Hospital doctors are accustomed to running the show as they course the hallways, attend to patients and give orders. And Dr. Megan Donnelly, a resident at a prestigious medical center back in 2014, was no exception.

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Dr. Megan Donnelly

So she was not prepared for news that meant she would suddenly see life from the other side of the bed. Expecting her first baby, Donnelly was devastated to learn she would need to stop working immediately and be hospitalized on bed rest for weeks to save her pregnancy. “I was used to being a caregiver, and the idea of becoming the patient was horrific to me, in all honesty,” she said. “There's a massive loss of control when you're a patient to a degree that I was unaware of until I became one."

But an experience that could have been traumatic and nothing more ended with two joys: Donnelly’s healthy son, now 6, and a meaningful new direction that she had never envisioned for her career.

Today, she’s a women’s neurologist at Novant Health Neurology & Headache - SouthPark in Charlotte. Donnelly is passionate about treating women in high-risk pregnancies who also have neurological complications, such as headaches or cerebral sinus venous thrombosis, a type of blood clot in the brain.

Shocking and scary news

Donnelly was a high-powered neurology resident at the Cleveland Clinic in Ohio when she became pregnant. While the pregnancy started off fine, she went into pre-term labor at 24 weeks because of a previously undiagnosed uterine abnormality. Her doctor said she needed to start bed rest right away.

Donnelly had always viewed herself as a strong, resilient person, but the news shocked her, partly because she understood better than most the implications of very early delivery. “As a neurologist, I was acutely aware of what risks there are at each gestational age if he came early,” she remembered. “That was very, very stressful.”

Other aspects of her days in bed made her distraught, too. Being hospitalized on the high-risk obstetrics ward meant needing to push a call button to ask for a drink of water or even to use the bathroom. The lack of agency in her own life was “a massive adjustment.”

Donnelly became depressed. “I frankly didn’t handle bed rest as well as I thought I would,” she acknowledged. In fact, this is the first time she’s publicly shared her story. “It’s hard to be in such a raw and vulnerable place to talk about this,” Donnelly said, “but I think it can help others.”

She briefly took antidepressant medication after discussing the risks and benefits with her physician. Conversations with the hospital social worker also lifted her mood.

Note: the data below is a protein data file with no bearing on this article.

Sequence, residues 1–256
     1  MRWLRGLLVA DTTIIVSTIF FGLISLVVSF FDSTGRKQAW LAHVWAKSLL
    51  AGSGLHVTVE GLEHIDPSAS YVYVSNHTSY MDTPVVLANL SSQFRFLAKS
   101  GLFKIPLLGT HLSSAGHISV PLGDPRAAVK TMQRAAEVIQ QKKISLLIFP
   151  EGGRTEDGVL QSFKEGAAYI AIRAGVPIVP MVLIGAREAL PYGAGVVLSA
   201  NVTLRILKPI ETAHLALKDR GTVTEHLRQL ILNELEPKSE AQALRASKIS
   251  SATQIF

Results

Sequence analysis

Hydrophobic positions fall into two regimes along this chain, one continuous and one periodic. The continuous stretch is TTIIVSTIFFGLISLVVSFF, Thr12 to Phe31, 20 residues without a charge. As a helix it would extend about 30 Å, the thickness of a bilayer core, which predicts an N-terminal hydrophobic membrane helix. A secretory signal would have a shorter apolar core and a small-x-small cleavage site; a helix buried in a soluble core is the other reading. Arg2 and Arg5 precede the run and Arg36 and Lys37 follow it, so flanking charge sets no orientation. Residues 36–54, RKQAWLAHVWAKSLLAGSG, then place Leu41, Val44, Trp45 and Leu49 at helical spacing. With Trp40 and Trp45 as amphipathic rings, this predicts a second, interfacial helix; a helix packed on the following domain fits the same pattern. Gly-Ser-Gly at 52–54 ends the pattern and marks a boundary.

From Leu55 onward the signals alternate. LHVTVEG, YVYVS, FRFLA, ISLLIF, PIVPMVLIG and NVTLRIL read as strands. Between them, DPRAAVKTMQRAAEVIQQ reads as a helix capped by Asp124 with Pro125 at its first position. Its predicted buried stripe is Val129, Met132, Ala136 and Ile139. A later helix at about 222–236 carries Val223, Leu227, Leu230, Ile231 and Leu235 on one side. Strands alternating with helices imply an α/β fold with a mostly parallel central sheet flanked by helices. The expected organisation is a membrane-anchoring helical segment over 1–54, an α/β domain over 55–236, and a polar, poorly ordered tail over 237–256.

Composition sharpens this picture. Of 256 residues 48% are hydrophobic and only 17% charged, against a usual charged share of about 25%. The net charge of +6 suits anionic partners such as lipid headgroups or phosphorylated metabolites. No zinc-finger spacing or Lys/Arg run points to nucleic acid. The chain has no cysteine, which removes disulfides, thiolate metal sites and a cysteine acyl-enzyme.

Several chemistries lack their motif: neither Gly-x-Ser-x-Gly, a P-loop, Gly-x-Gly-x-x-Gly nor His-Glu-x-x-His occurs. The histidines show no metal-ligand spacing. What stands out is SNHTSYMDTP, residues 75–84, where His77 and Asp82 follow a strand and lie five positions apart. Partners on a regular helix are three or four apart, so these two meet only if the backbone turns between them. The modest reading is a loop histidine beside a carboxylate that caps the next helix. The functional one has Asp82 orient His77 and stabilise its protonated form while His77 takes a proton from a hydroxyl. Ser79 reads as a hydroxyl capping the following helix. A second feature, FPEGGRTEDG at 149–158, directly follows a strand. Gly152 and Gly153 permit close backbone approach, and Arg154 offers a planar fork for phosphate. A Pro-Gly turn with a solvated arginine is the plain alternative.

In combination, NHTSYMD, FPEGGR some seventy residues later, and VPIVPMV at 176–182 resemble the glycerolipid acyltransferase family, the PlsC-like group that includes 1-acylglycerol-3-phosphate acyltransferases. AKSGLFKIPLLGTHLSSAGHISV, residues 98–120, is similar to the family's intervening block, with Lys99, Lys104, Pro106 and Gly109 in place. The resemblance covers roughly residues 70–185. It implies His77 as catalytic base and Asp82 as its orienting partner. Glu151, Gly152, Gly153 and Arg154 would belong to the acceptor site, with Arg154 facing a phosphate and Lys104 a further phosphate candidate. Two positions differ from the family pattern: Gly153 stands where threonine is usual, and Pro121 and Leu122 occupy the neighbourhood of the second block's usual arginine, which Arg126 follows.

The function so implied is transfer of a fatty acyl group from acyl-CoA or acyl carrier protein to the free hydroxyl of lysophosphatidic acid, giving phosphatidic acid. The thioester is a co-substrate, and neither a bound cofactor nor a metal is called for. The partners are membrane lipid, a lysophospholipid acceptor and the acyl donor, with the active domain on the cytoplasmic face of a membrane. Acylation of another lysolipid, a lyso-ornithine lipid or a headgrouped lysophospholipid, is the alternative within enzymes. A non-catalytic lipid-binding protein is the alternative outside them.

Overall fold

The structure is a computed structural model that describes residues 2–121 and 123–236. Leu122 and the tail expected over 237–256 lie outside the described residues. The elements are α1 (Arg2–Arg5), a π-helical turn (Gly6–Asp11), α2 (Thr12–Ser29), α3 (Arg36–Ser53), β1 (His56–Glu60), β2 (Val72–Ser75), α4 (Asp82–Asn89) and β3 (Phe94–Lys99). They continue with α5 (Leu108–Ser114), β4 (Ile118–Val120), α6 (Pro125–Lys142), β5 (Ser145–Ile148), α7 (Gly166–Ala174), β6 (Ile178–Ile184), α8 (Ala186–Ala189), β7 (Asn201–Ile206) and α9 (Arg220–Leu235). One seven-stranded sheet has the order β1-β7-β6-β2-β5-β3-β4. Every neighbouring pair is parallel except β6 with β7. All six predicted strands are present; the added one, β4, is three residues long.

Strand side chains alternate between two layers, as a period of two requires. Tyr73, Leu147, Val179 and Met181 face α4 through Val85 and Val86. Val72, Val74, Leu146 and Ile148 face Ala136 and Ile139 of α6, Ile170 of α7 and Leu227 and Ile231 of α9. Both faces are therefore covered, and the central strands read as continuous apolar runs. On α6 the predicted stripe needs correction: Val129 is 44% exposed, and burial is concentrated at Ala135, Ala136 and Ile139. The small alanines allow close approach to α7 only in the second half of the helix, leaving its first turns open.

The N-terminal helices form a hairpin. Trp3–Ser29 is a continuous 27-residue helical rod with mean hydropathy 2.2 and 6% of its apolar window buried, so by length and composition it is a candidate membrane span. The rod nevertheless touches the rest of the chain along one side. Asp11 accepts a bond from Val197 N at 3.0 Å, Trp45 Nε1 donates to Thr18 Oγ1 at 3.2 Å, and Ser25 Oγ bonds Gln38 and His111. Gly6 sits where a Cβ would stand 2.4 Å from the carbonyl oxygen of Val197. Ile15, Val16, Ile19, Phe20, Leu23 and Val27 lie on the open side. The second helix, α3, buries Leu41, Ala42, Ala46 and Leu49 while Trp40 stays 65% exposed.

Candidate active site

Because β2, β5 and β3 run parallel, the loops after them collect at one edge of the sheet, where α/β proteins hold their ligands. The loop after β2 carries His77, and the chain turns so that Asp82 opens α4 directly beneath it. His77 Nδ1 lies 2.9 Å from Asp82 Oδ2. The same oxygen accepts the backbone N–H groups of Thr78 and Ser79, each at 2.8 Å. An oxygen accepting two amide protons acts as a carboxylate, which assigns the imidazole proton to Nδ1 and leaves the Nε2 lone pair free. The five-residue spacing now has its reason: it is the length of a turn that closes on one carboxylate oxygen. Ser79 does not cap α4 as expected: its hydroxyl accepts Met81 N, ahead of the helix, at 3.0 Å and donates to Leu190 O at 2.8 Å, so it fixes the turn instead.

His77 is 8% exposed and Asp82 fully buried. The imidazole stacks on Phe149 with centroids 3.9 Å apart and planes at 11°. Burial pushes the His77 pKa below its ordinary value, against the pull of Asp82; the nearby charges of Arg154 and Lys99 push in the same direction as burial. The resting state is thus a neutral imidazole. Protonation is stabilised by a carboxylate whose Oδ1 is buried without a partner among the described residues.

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Donnelly ultimately got through the experience with help from caring nurses, colleagues who popped by for lunch and her husband, who visited every evening after work. She read everything she could find in medical journals on her condition, empowering herself with knowledge on evidence-based practices to manage high-risk pregnancy. Netflix binges didn’t hurt, either.

Doctors hoped Donnelly would be on bed rest for 13 weeks. But after seven weeks, her son was born early, just short of 32 weeks gestation. He spent about a month in the neonatal intensive care unit. Though he experienced some mild developmental setbacks initially, he’s doing great now, Donnelly said.

A new direction

The experience transformed what Donnelly wanted for her career. Prior to her pregnancy, she considered herself a general neurologist with a focus on headaches. She didn’t want to change her professional path completely, but she believed she could combine her neurological expertise with her newfound love and passion for taking care of women, including those facing high-risk pregnancy.

Obstetric neurology, as it’s called, is a rare niche in medicine. Donnelly estimates there may only be 15 or so nationwide practicing in the specialty. And there are only a couple of medical fellowships in the field, including one at the University of Pittsburgh. Donnelly reached out to the fellowship director in Pittsburgh and poured out her story. She landed a mini-fellowship, where she received deep training and experience working with a senior obstetric neurologist.

After her fellowship, Donnelly served as the Cleveland Clinic’s obstetric neurologist, taking care of high-risk pregnancy patients with neurological concerns. Novant Health recruited her to lead its women’s neurology program in 2018, serving pregnant women among other patients.

For women dealing with bed rest and other health issues, Donnelly offers an important lesson she learned from that time. “Taking some ownership in your health and wanting to be an active partner in your treatment team is so incredibly important,” she said. “Nobody will ever be the best advocate as you are for yourself. I stress the importance of that with my patients and tell them they're part of the treatment plan. I think it does change the outcome.”


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Another happy lesson: Inpatient hospitalization with bed rest for one pregnancy doesn’t mean the next will be exactly the same. For her second son, Donnelly was on modified bed rest throughout the pregnancy, which meant she was permitted to work and come home, with no exercise. She also was prescribed a progesterone hormone treatment to help prevent pre-term labor.

Her second son was born healthy and well at 36 weeks. He’s 5 years old now. The boys are relishing summer time outside after so many hours indoors last year, as well as clobbering each other on occasion.